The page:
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Andronicus II Palaeologus. 1282-1328.
- Andronicus standing facing, holding cross-sceptre and akakia
- +KOMNHNOC O PALAIOLOGC, plain cross.
- DOC V 551; Bendall 94A; SB 2327.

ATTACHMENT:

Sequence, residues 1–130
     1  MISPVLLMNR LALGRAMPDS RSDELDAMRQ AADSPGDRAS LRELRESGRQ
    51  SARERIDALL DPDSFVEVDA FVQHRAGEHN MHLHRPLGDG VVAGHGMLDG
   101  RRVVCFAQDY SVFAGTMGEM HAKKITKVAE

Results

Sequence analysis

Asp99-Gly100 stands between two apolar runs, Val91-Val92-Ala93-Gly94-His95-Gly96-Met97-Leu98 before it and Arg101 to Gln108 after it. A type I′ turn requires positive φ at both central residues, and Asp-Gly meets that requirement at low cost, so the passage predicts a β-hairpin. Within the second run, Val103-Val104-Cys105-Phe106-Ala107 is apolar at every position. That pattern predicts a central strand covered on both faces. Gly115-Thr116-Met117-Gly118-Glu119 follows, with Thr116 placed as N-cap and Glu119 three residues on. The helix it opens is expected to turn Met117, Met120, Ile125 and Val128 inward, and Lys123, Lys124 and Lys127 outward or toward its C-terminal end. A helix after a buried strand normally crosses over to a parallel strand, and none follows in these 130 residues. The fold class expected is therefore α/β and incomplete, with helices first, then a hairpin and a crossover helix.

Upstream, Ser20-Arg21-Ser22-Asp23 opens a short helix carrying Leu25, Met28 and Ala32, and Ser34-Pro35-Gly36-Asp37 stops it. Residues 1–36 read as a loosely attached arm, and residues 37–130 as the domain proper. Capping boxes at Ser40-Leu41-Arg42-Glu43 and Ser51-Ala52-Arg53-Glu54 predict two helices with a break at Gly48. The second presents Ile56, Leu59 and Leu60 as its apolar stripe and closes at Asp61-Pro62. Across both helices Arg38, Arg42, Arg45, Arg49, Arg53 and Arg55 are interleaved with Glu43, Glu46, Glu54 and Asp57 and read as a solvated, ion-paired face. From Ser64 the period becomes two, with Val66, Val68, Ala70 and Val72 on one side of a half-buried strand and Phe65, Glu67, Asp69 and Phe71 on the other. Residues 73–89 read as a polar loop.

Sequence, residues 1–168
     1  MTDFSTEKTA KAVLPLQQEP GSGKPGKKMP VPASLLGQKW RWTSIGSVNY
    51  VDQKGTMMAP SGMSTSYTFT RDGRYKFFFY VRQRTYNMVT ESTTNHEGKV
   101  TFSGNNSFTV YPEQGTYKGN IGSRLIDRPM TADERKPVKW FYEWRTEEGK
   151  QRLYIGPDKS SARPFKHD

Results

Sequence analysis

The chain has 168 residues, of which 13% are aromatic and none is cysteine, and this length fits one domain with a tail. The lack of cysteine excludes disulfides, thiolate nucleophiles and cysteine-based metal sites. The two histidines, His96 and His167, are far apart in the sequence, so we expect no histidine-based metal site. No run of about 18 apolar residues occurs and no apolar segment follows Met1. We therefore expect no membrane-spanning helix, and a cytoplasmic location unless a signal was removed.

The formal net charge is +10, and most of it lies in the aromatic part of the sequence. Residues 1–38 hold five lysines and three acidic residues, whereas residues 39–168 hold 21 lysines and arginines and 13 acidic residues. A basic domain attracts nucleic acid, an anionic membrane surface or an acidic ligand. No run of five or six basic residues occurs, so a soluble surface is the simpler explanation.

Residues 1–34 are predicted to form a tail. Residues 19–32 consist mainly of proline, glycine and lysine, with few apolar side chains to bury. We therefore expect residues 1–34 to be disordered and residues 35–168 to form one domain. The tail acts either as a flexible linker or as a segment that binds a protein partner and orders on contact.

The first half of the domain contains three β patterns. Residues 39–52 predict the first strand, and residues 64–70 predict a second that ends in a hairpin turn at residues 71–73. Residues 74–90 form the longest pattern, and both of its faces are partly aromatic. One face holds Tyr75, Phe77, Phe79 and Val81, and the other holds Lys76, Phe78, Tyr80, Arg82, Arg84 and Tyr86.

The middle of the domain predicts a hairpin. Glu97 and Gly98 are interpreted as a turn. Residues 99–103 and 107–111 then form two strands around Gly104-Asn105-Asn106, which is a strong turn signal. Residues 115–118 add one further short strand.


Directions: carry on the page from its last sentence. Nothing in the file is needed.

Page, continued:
- Andronicus II, son of Michael VIII, was born in 1258 and may have been declared co-emperor as early as 1259. He ruled for over sixty-nine years, until he was deposed by his grandson Andronicus III in 1328. His reign was a direct contrast with that of his father; Andronicus restored peaceful relations with the Orthodox church, but his empire suffered severe losses at the front line. Thrace was devasted by conflict between Byzantium and the Catalans, Serbia took most of the province of Macedonia, and Asia Minor fell to the Turks. Andronicus had to greatly reduce his military forces to economize, and, in a particularly foolish decision, allowed the Byzantine fleet to deteriorate. Andronicus shared his reign with his son Michael IX for twenty-five years, and after Michael's death, with his grandson, Andronicus III. The coinage depicting Andronicus II is probably the most complex in the Byzantine series, involving five different regnal combinations (with Michael VIII, 1272-1282; sole reign, 1282-1295; with Michael IX, 1295-1320; second sole reign, 1320-1325; with Andronicus III, 1325-1328) and constant changes in the values and types of the silver and bronze denominations.
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